Postmodernism in Latin America
Postmodernism is the 19th and 20th century reaction against the previously dominant western foundationalism, or modernism. Foundationalism is rooted in classic Cartesian philosophy: ontologically, an objective reality exists independent of our perception of this reality and we can gain access to it if our theories are logically based on some indubitable foundation. For Descartes, this indubitable, uncontroversial point of reference aligns with "I think, therefore I am." However, after each stated foundation posited the process of critical undercutting begins; we find no extant foundation upon which to build our ontologically relevant theories.
Postmodernism, in brief, alternatively negates the existence of the ultimate reference point. There exists no grand or meta-narrative that explains the world from some objective, disinterested vantage point. Each narrative in based on particular perspectives and is in turn biased by these perspectives. To avoid the seeming inevitable nihilism an extension of postmodern thought leads, the emphasis is then placed on the necessity of agreement. Truth is not an objective statement, but contrarily is a measure of a particular narrative's fit with the set standards in which it is placed. For example, in scientific enterprise, research is performed in the context of traditions that have set up their own standards for establishing successful science. Traditions have established and agreed upon the rules of engagement, the common language, and set of standards by which good science is judged.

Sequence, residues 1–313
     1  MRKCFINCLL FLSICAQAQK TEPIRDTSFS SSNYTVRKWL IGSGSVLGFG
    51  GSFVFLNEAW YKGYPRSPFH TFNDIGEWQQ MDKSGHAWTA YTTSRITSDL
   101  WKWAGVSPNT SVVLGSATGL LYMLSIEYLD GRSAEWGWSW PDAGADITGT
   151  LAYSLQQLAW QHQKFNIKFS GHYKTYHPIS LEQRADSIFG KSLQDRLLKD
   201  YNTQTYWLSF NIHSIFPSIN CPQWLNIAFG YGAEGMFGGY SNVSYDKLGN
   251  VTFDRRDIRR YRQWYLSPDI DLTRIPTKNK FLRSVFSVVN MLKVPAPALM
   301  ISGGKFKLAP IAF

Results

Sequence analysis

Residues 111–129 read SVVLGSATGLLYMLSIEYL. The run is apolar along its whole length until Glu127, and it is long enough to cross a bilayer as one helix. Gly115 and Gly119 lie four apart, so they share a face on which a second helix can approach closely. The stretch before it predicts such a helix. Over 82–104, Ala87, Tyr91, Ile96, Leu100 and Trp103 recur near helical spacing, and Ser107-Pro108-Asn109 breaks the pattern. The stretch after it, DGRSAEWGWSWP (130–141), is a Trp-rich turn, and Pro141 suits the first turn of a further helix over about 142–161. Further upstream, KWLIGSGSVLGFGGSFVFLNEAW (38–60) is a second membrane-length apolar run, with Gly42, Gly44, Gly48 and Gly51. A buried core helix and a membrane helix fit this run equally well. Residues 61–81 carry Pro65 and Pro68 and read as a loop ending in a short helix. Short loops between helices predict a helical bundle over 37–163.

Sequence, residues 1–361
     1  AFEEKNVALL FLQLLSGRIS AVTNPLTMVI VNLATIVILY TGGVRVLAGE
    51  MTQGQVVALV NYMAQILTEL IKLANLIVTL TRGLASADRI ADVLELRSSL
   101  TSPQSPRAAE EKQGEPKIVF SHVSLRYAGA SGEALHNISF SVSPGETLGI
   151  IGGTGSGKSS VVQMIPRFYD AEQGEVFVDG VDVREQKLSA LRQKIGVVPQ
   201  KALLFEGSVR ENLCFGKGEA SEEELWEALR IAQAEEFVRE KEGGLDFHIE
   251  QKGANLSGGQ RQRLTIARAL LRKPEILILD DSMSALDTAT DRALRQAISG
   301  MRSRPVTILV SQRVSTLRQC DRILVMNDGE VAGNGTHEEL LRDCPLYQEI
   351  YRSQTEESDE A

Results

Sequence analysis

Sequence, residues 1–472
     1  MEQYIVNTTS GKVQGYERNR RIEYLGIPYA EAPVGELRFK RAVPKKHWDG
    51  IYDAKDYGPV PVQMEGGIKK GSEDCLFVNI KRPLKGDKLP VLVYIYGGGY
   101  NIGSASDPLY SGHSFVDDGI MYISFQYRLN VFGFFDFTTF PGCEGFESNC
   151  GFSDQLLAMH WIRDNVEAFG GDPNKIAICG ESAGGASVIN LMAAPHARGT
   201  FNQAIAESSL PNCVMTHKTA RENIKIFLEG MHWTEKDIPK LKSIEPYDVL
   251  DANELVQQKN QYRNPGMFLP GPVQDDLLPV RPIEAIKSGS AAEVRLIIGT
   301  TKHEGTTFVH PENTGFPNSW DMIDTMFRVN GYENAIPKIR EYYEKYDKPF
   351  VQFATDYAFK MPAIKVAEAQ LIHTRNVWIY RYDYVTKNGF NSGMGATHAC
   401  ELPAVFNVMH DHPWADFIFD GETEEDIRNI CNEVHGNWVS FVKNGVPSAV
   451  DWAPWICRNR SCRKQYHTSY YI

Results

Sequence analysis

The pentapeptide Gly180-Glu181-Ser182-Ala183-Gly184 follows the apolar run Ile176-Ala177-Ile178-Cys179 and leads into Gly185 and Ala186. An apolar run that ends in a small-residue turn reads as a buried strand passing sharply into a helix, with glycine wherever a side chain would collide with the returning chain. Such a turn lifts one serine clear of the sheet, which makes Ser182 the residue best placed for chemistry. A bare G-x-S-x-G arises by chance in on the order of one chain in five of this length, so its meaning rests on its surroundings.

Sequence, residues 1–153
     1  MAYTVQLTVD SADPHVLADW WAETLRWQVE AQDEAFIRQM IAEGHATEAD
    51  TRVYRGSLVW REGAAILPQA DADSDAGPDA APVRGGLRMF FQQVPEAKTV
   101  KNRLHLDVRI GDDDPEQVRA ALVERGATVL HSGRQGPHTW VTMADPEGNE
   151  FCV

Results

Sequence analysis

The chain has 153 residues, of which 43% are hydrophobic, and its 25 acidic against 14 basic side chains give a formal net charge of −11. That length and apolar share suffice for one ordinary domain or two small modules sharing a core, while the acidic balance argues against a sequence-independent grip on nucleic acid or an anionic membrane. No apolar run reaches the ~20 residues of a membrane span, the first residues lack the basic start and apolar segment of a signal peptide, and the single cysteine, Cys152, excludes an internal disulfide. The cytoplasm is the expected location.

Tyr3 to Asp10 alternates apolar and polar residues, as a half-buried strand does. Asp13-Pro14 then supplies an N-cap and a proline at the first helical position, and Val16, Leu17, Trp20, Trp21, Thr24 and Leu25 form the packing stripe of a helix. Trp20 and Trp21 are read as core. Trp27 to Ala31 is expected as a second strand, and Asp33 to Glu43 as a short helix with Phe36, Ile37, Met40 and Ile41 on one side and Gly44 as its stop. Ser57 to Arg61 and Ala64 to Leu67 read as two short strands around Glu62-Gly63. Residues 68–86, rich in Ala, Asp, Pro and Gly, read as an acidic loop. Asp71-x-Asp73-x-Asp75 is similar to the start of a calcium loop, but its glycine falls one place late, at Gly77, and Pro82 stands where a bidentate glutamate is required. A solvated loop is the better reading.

There are three main themes debated within the postmodern context: (1) extreme relativism (2) philosophy of science (3) Hermeneutics. The extreme relativists are most easily observed in their method of literary criticism. Literature is interpreted according to one's own interests and according to one's own predispositions. Moreover, this sort of interpretation is inevitable as we all come from our own experiences, prejudices and predispositions, and after all, we compose our literature, histories and theories. In the philosophy of science, the argument is as stated above: science is performed in its own traditional context that has previously established its own standards of judgment. Within the Hermeneutic tradition the question is centered near the means and methods of understanding: how are meaningful products produced and understood? The focus is on the dialogical interactions taking...